and no cheese to be found When Mr Bedford s financial difficulties become pressing, he leaves London for the quiet of the Kentish countryside to write a play which he is sure will win him fame and fortune, despite him never having written anything before Instead, he meets his new neighbour Mr Cavor, an eccentric scientist, and becomes intrigued and excited by the possibilities of the invention Cavor is working on a substance that will defy gravity Bedford, always with an eye for the main chance, begins to imagine the commercial possibilities of such a substance, but Cavor is interested in the glory that he will gain from the scientific community And so it is that these two mismatched men find themselves as partners on an incredible voyage to the Moon I do not remember before that night thinking at all of the risks we were running Now they came like that array of spectres that once beleaguered Prague, and camped around me The strangeness of what we were about to do, the unearthliness of it, overwhelmed me I was like a man awakened out of pleasant dreams to the most horrible surroundings I lay, eyes wide open, and the sphere seemed to get flimsy and feeble, and Cavor unreal and fantastic, and the whole enterprise madder and madder every moment.I got out of bed and wandered about I sat at the window and stared at the immensity of space Between the stars was the void, the unfathomable darkness I ve been thoroughly enjoying revisiting some of the HG Wells stories I enjoyed in my youth, and reading for the first time the ones I missed back then As with the others, I read the Oxford World s Classics version, which has the usual informative and enjoyable introduction, this time from Simon J James, Professor of Victorian Literature and Head of the Department of English Studies at Durham University, which sets the book in its historical and literary context This is one I hadn t read before and perhaps it s fair to say it s one of the less well known ones, though only in comparison to the universal fame of some of the others, like The War of the Worlds or The Time Machine While I think it hasn t got quite the depth of those, it s at least as enjoyable, if not so Mostly this is because of the characterisation and the interplay between the two men, which give the book a lot of humour Bedford, our narrator, is rather a selfish cad without too much going on in the way of ethics or heroism, but I found him impossible to dislike He s so honest about his own personality, not apologising for it, but not hypocritically trying to make himself seem like anything other than what he is someone who s out for what he can get Cavor also has some issues with ethics, though in his case it s not about greed He s one of these scientists who is so obsessed with his own theories and experiments, he doesn t much care what impact they might have on other people even the possibility that he might accidentally destroy the world seems like an acceptable risk to him He simply won t tell the world it s in danger, so nobody has to worry about it It s this accursed science, I cried It s the very Devil The medi val priests and persecutors were right and the Moderns are all wrong You tamper with it and it offers you gifts And directly you take them it knocks you to pieces in some unexpected way Old passions and new weapons now it upsets your religion, now it upsets your social ideas, now it whirls you off to desolation and misery To a large degree, this is a straightforward adventure novel with a great story and lots of danger and excitement But, being Wells, there are also underlying themes relating to contemporary concerns primarily two, in this case Firstly, through Cavor s invention of Cavorite the name gives an indication of Cavor s desire for glory, I feel , Wells looks at the huge leaps that were being made in the fields of science and technology and issues a warning that, while these promise great progress for mankind, they also threaten potential catastrophe if the science isn t tempered by ethical controls Secondly, through the race of beings that Cavor and Bedford find when they arrive on the moon, Wells speculates on a form of society so utopian in its social control that it becomes positively terrifying He uses this society, though, as a vehicle to comment on the less than utopian situation back on Earth, though I couldn t help feeling he frequently had his tongue stuck firmly in his cheek as he did so The stuff was not unlike a terrestrial mushroom, only it was much laxer in texture, and, as one swallowed it, it warmed the throat At first we experienced a mere mechanical satisfaction in eating then our blood began to run warmer, and we tingled at the lips and fingers, and then new and slightly irrelevant ideas came bubbling up in our minds It s good, said I Infernally good What a home for our surplus population Our poor surplus population, and I broke off another large portion. But the themes are treated lightly in this one, and Wells allows his imagination free rein One of the things I enjoyed most was how he includes a lot of realistic science even as he creates an impossible substance in Cavorite and an equally impossible race of moon beings, the Selenites Of course we ve all looked down on Earth from planes now, but Wells imagines how it would look from space He describes convincingly how to control a sphere covered in Cavorite by using gravity and the slingshot effect of planetary mass He describes the weightlessness of zero gravity brilliantly, many decades before anyone had experienced it His Selenites are a vision of evolved insect life, which frankly gave me the shivers, especially when he describes how they are bred, reared and surgically altered to happily fulfil a single function in life a kind of precursor of the humans in Brave New World but with insect faces and arms I won t give spoilers as to what happens to the men, but the ending gives a minor commentary on one of Wells other recurring themes man s tendency to look on other people s territory as fair game for invasion and colonisation But since you re now thinking but wait That IS a spoiler I assure you it s really not, but you ll have to read the book to find out why it s not Or you could just read it because it s a great read lots of humour, great descriptive writing, enough depth to keep it interesting without overwhelming the story, a couple of characters you can t help liking even though you feel you shouldn t, and plenty of excitement What are you waiting for Jump aboard the Cavorite sphere you don t get the chance to go to the Moon every day of the week NB This book was provided for review by the publisher, Oxford World s Classics.www.fictionfanblog.wordpress.com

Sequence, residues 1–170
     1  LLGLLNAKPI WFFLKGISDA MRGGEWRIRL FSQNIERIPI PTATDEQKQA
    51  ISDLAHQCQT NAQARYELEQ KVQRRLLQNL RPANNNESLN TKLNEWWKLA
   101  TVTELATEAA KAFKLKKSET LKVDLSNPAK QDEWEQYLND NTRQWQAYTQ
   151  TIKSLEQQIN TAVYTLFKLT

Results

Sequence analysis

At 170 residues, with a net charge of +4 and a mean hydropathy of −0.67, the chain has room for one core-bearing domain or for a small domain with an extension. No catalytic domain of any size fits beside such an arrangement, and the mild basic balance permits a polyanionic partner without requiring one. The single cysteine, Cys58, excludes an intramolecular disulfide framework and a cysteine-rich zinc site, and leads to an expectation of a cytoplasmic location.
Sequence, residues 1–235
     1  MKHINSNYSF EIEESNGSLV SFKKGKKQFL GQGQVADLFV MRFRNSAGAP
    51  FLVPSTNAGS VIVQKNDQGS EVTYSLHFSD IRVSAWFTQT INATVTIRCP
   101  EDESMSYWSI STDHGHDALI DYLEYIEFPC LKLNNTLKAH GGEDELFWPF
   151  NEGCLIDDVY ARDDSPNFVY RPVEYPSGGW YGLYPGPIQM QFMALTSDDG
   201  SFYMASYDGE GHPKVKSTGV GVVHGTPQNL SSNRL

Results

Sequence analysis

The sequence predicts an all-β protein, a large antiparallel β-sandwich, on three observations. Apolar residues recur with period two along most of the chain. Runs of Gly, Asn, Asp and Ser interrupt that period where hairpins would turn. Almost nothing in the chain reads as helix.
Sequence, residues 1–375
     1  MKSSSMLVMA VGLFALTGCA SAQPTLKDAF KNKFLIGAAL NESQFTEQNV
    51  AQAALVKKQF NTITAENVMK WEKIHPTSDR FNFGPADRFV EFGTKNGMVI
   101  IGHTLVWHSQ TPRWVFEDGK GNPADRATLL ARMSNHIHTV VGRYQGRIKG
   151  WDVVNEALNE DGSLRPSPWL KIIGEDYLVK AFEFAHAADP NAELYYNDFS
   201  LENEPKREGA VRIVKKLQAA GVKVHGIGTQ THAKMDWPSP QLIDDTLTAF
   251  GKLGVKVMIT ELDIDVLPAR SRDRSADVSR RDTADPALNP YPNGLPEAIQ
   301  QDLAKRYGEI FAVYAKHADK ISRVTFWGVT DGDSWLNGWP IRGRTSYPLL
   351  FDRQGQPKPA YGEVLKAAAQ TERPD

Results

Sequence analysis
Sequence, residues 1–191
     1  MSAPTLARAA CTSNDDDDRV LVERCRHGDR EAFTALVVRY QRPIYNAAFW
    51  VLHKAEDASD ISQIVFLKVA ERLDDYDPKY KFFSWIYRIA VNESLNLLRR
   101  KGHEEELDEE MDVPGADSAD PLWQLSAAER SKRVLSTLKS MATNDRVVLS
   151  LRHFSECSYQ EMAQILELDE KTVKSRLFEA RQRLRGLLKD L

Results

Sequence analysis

4. says: